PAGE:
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Anyone who has taken a history course at a university lately can attest to the rigid, doctrinaire multiculturalism taught. Textbook after textbook downplays the achievements of the west. "How the West Won" is a brisk slap in the face to the current animus against western civilization.
Take the Dark Ages, which are always portrayed as an age of utter barbarism in our textbooks, a time when society declined and all that was worthy in the ancient world vanished. Stark points out that "serious historians have known for decades that these claims are a complete fraud. Even the respectable encyclopedias...now define the Dark Ages as a myth" (p 71).
He pulls out fact after fact to prove his position. Close to Stockholm, "an elaborate industrial community known as Helgo flourished from about 250 through 700." (p 82), and archaeologists have found a "'bronze Buddha figure made in India'" (p 81) in the ruins of Helgo, revealing how wide the trade was at the time.
Not only did trade flourish, but "Within several centuries of the fall of Rome, Europeans have developed military technology that far surpassed not the the Romans' but that of every other society on earth" (p 84).
Military might was important in the era. Islam was on the rise. In 1095 "The Byzantine emperor Alexius...appealed for Western forces to defend Constantinople from the threat of Turkish invaders" (p 102). Already, the entire of North Africa, which had once been solidly Christian, had fallen to Muslim armies.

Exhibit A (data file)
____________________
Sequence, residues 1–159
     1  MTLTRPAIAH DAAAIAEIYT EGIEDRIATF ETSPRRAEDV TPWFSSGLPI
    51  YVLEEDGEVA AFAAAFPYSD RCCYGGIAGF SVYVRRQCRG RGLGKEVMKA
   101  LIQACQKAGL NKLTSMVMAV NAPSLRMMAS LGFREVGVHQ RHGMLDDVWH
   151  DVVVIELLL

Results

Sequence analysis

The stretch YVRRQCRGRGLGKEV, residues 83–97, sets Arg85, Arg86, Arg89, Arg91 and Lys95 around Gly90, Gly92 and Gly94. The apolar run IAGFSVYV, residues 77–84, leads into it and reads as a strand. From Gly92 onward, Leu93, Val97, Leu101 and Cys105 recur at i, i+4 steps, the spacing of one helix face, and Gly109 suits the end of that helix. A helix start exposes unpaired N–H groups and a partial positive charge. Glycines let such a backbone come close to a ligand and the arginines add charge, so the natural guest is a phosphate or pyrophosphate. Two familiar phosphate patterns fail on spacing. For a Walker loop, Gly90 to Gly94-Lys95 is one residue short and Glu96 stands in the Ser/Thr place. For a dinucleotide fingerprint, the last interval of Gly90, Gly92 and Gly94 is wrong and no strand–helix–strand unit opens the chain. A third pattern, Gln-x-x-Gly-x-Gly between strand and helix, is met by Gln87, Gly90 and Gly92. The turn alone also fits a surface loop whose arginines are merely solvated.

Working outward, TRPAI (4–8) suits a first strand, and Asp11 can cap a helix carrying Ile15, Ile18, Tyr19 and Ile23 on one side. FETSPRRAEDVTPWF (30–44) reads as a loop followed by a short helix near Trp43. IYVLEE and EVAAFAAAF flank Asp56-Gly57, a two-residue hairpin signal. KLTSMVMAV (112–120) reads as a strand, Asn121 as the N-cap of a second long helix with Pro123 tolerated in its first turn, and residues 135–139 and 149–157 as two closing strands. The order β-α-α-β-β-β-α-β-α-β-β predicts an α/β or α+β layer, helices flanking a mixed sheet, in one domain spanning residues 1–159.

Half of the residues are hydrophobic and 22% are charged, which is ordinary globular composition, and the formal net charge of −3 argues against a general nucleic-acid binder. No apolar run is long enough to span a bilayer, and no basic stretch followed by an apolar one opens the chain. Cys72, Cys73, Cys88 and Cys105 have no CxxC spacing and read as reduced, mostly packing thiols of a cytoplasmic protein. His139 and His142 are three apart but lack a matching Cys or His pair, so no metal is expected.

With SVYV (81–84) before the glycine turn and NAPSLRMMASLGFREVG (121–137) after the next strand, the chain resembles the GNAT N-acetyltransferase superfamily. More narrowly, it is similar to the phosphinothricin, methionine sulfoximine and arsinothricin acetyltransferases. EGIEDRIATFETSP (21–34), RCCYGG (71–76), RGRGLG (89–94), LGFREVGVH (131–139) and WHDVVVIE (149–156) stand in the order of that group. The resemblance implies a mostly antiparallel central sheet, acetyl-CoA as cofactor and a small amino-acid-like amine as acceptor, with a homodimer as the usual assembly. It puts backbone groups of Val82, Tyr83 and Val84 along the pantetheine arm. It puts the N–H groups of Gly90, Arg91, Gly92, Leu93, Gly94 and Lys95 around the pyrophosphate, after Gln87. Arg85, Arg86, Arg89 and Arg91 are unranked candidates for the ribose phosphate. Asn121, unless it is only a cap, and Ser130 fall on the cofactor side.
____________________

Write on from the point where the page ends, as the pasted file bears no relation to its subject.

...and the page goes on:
Stark asks us to "Compare Shakespeare's tragedies with those of the ancient Greeks" (p 119) For example, Oedipus is at the mercy of a blind, unfeeling fate. The ancient gods were without virtue; they were petty, vengeful, and vain.
But Christianity imbued western culture with a belief in conscience. "It created a tendency for people not to be resigned to things as they are but rather to attempt to make the situation better" (119). It also meant an absolute truth existed, and could be rationally sought.
Christianity pushed society to abolish slavery, that economic pillar of the ancient world. Even though the west had inherited a civilization from ancient Rome that was based on slavery, by the end of the eighth century Charlemagne opposed slavery, as did the pope. Within a century it was generally agreed upon Christian principle that slavery was against divine law.
Although Max Weber claimed Protestantism invented capitalism, Stark points out that, rather, "The rise of capitalism in Europe proceeded the Reformation by centuries" (p 129).
The key to western civilization was the belief in the rationality of God. During the Middle Ages, the church created universities, and paid for priests to take classes. "The first university was founded in... 1088" (p 163). "By 1200...the University of Paris...had 2,550 to 5,000 students" (p 166).
One result was science - long before the Enlightenment. "Just as...eighteenth-century philosophers invented...the 'Dark Ages' to discredit Christianity, they labeled their own era the 'Enlightenment' on grounds that religious darkness had finally been dispelled by secular humanism" (p 309).
I loved how Stark acidly noted how not even one of these 'Enlightened' men, such as Voltaire, had anything to do with science. No, the people who were "scientific stars were members of the clergy, nine of them Roman Catholics" (p 309).
You really need this book! Stark is a marvelous writer, brisk and fun to read. But it is his ideas which are important. He argues brilliantly, and persuasively, that western civilization, so maligned in our current culture, is worthy of regard.
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Peter S. Bradley